Album Reviews

Kate Nash – Girl Talk

(Have 10p/Fontana) UK release date: 4 March 2013

Kate Nash - Girl Talk Last year, Kate Nash released a new single, Under-Estimate The Girl, via the internet. A sprawling, snarling mess of a song written and recorded in less than 24 hours, it was perhaps one of the most confrontational pieces of music ever released by a hitherto mainstream artist.

Under-Estimate The Girl isn’t included on Nash’s third album, Girl Talk. Nor is anything quite as aggressive or unhinged. Despite this, Girl Talk succeeds in continuing the job started by last year’s single in putting clear blue water between the Nash of old – the jovial 20-year-old who hit Number 2 with her second single Foundations in 2007 – and the new Nash: someone who’s more likely to sing about female castration than boy trouble.

Of course, it’s not unusual for musicians to change the sounds they work with. And there’s nothing to suggest that Nash isn’t sincere in her intentions. It turns out that the problem with Girl Talk isn’t that it’s conceptually flawed or overly calculated. Girl Talk’s main problem is that its songs are not, on the whole, any good.

Girl Talk comprises 15 tracks of purposefully scrappy, under-polished indie rock that recalls The Breeders and Veruca Salt at its lightest, and L7 and Hole at its heaviest. Good bands, all; moreover, there’s no reason why Nash’s playful vocal delivery and observational, slice-of-life lyrics wouldn’t be a good match for an album of brisk, bratty rock music.

Indeed, there are occasions on Girl Talk when we get glimpses of what another, better Kate Nash indie rock album would have sounded like. Conventional Girl is atypical in that it actually resembles a fully-realised song, as opposed to a bunch of half-formed melodic ideas thrown together in the hope that the novelty of hearing Nash screaming her vocals through a distorted microphone would be enough to see them through.

Elsewhere, OHMYGOD! benefits from a chorus that feels like it’s been beamed in from another, more tuneful place – Nash’s first album, perhaps. Cherry Pickin’, meanwhile, is the best thing here: a straightforward rocker that’s blessed with a memorable chorus and which is also unburdened by having to peddle a lyrical agenda (more of which later).

Unfortunately, moments such as these are the exception, not the rule, on Girl Talk. Death Proof builds up a nicely noir-ish, surf-rocking atmosphere reminiscent of The Raveonettes, but wastes it with a limp non-event of a chorus that sounds like a stopgap put in place before the proper one was written.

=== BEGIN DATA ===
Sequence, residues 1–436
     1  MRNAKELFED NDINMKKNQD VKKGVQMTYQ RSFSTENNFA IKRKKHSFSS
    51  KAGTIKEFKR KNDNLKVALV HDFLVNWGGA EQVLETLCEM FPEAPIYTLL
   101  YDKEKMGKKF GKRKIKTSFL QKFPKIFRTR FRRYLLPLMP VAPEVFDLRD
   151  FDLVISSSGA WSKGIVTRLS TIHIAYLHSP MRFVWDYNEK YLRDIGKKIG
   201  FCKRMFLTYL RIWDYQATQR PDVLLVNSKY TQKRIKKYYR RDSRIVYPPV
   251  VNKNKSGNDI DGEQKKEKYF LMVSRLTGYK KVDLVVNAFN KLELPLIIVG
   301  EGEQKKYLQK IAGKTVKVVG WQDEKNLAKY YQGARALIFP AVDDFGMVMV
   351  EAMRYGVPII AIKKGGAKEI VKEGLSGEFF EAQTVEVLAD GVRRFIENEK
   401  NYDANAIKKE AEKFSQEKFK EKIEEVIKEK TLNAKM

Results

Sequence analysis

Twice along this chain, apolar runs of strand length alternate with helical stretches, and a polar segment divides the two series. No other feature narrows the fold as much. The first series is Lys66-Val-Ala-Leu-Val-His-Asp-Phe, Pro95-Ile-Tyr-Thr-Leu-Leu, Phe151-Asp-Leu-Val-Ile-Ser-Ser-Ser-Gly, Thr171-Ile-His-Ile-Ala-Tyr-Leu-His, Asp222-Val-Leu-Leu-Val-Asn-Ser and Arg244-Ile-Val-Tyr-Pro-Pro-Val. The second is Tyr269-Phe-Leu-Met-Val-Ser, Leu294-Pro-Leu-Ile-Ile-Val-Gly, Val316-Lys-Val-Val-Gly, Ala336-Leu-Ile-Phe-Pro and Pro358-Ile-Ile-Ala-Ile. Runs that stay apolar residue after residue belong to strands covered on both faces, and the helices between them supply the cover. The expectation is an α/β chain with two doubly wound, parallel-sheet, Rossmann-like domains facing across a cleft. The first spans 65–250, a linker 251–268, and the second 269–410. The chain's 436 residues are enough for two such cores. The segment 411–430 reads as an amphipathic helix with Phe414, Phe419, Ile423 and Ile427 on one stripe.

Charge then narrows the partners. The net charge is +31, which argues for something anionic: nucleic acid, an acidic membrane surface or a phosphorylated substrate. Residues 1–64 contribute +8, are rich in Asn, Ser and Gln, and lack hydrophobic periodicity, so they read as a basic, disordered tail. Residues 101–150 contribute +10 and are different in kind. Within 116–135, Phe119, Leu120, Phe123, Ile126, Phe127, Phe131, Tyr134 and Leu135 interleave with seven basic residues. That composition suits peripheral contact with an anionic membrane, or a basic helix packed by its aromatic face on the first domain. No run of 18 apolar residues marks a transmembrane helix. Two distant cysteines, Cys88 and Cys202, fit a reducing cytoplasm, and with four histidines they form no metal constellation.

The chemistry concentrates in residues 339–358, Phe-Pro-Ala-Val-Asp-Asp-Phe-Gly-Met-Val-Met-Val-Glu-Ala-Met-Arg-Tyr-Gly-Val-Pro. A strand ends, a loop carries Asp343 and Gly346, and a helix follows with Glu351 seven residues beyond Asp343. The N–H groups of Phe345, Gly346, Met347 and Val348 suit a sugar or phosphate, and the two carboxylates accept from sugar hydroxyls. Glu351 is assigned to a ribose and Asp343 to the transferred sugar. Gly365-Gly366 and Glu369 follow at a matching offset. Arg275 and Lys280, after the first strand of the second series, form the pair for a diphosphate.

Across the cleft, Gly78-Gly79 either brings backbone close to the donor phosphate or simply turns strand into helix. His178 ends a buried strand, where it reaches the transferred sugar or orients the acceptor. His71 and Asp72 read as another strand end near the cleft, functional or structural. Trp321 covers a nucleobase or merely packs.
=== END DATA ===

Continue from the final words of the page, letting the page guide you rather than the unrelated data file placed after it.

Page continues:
Are You There Sweetheart? begins similarly strongly, with its stalking bassline and icy guitars recalling Pixies; however, its repeated non sequitur lyric – “You were always watching my neck from the back of the room / But you never even cared” – proves a distraction from which the song never recovers. Worse is to come in the form of Oh, a song so formless, flat and tuneless that a sufficiently litigious listener could feasibly sue its creators under the Sale Of Goods Act for failure to take reasonable skill during the writing and recording process.

Nash has described Girl Talk as a “mission statement of what it’s like to be a woman”. That mission statement is most clearly delivered on the punky thrasher All Talk, during which Nash screams “I’m a feminist / And if that offends you / Then fuck you!” to its chauvinistic subject, and on Rap For Rejection, essentially a list of various scenarios – some professional, others personal – in which sexism continues to be writ large: “He asked you to undress … said you were dressed like a little slut… You’re trying to tell me that sexism doesn’t exist / Well if it doesn’t exist than what the fuck is this?”. The sentiments expressed in lines such as these are delivered sincerely and are undoubtedly addressing genuine real-world issues, but one wishes they weren’t said in such a clunky, on-the-nose manner.

In interviews, Nash comes across as likeable, smart and passionate. Her youth project, the Rock ‘n’ Roll Girls After School Club, is highly laudable. In addition, her decision to move away from the cuddly, approachable pop of her debut album (especially when said move appears to have cost Nash her record contract) is brave. It’s just a shame, then, that Girl Talk is likely to appeal only to hardcore Nash fans.

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